Gasp­ing for scares

Sunday Tasmanian - Tassie Living - - WEEK IN MOVIES - Leigh Paatsch


Di­rec­tor: Fede Alvarez (Evil Dead) Star­ring: Jane Levy, Dy­lan Min­nette, Daniel Zo­vatto, Stephen Lang

BY far and away the best hor­ror film of the year, Don’t Breathe makes a lit­tle go a long, long way.

Con­sider the lim­ited range of com­po­nents novice Uruguayan film­maker Fede Alvarez has elected to work with here. One run­down house on an aban­doned street in sub­ur­ban Detroit. Three ama­teur bur­glars in their late teens. One soli­tary res­i­dent who does not take kindly to un­in­vited vis­i­tors. His pet dog which feels very much the same way. A huge pile of cash.

In the wrong hands, all of this would make for about 30 min­utes of must-see movie at most. The rest would be filler, and worse.

That just won’t be hap­pen­ing on Alvarez’s as­sured watch with Don’t Breathe. The com­bi­na­tions and per­mu­ta­tions foren­si­cally ap­plied to a very ba­sic ar­ray of sto­ry­telling el­e­ments gen­er­ate a wide range of clever and creepy re­sults.

You don’t have to take the whole thing se­ri­ously, but you still will cop a right old rough­ing-up from some well-placed shocks and scares all the same. Let’s take a se­lec­tive, spoil­er­free peek in­side that house shall we?

Firstly, those three newbie crooks. Money (Daniel Zo­vatto) is a to­tal thug who brings the mouth and the men­ace to the oper­a­tion. Alex (Dy­lan Min­nette) might have a con­science, and def­i­nitely has some skele­ton keys nicked from his se­cu­rity-guard dad.

Then there is Rocky (Jane Levy), a woman who knows she needs that cash more than the oth­ers, and thinks she can live with the con­se­quences.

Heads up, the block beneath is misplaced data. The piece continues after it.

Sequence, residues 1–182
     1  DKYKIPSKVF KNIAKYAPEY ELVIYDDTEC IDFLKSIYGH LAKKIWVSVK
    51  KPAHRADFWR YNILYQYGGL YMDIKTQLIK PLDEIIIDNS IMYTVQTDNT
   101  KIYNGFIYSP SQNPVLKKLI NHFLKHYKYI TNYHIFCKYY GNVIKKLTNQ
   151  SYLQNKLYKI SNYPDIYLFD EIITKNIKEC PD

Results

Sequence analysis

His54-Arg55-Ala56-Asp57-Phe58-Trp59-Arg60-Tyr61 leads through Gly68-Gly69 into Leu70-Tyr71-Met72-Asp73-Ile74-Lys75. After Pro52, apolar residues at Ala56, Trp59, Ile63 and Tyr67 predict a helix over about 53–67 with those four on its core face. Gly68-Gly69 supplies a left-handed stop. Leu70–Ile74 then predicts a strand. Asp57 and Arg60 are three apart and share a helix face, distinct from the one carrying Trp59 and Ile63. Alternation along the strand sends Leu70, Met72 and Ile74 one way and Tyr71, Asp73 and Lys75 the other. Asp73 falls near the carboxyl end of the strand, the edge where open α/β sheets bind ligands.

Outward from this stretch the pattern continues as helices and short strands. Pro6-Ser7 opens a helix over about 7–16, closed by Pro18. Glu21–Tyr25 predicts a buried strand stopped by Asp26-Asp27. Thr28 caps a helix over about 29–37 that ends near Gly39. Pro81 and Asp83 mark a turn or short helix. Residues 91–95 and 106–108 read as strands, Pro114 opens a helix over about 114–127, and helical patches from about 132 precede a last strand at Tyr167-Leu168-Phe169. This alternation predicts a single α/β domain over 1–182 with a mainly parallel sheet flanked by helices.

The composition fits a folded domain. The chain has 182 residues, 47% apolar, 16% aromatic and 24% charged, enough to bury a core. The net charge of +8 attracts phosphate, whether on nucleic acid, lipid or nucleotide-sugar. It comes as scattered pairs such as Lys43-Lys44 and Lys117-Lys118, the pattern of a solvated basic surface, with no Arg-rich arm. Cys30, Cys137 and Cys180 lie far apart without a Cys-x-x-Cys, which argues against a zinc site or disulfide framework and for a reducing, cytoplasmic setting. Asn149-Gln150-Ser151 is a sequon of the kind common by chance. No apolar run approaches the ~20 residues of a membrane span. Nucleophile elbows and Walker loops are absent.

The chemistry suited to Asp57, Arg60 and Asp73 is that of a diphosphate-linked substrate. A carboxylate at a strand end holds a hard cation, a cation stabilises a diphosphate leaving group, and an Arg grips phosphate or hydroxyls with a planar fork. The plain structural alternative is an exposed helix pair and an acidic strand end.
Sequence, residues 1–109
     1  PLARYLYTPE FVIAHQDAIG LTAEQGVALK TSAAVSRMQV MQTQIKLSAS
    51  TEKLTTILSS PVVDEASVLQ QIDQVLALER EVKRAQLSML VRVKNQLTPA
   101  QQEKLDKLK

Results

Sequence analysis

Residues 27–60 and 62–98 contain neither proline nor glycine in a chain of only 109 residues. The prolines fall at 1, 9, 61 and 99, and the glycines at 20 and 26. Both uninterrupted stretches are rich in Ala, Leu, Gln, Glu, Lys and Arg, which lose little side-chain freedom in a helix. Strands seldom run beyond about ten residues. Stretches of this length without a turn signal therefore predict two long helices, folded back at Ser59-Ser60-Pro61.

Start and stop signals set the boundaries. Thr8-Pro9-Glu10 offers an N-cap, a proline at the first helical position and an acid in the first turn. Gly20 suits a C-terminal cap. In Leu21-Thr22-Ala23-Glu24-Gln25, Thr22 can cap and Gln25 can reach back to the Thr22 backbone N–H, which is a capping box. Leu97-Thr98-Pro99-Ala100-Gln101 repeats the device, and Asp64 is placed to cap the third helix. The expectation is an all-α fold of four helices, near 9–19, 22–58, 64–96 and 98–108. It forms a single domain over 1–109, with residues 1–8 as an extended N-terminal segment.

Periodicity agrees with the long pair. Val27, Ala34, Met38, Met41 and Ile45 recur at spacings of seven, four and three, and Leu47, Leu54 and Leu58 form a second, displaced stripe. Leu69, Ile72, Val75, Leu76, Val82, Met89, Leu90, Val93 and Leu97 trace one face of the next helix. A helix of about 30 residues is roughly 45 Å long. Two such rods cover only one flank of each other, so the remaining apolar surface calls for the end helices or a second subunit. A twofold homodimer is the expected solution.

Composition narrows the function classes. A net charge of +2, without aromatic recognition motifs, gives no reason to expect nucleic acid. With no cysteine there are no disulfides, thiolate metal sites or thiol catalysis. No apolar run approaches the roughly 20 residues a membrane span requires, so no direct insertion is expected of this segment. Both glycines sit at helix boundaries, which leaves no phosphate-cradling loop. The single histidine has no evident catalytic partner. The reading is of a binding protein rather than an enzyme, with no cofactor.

Now for the vic­tim-cum-vil­lain who will be host­ing the trio for the hellish evening ahead – he is listed in Don’t Breathe’s of­fi­cial cred­its un­der the name of The Blind Man (Stephen Lang). What this el­derly gentle­man lacks in sight, he more than makes up for with a sin­is­ter suite of self­de­fence skills.

Not only does The Blind Man know ev­ery last cen­time­tre of his home by way of pure in­stinct. He also har­bours one very dan­ger­ous se­cret he would rather not be shar­ing.

There­fore The Blind Man’s abode has been pimped out as a brick­sand-mor­tar booby trap. Dare to come in­side, and you’re doomed to never leave. The run­ning bat­tle of wits and de­ploy­ment of des­per­ate mea­sures de­picted here is staged with nim­ble speed and nerve-shred­ding ef­fi­ciency.

As di­rec­tor, Alvarez shrewdly ma­nip­u­lates ex­tended pe­ri­ods of ag­o­nis­ing si­lence and sub­tle shifts in (al­ways dim) light­ing to en­sure you stag­ger away from this or­deal both in­tim­i­dated and im­pressed.

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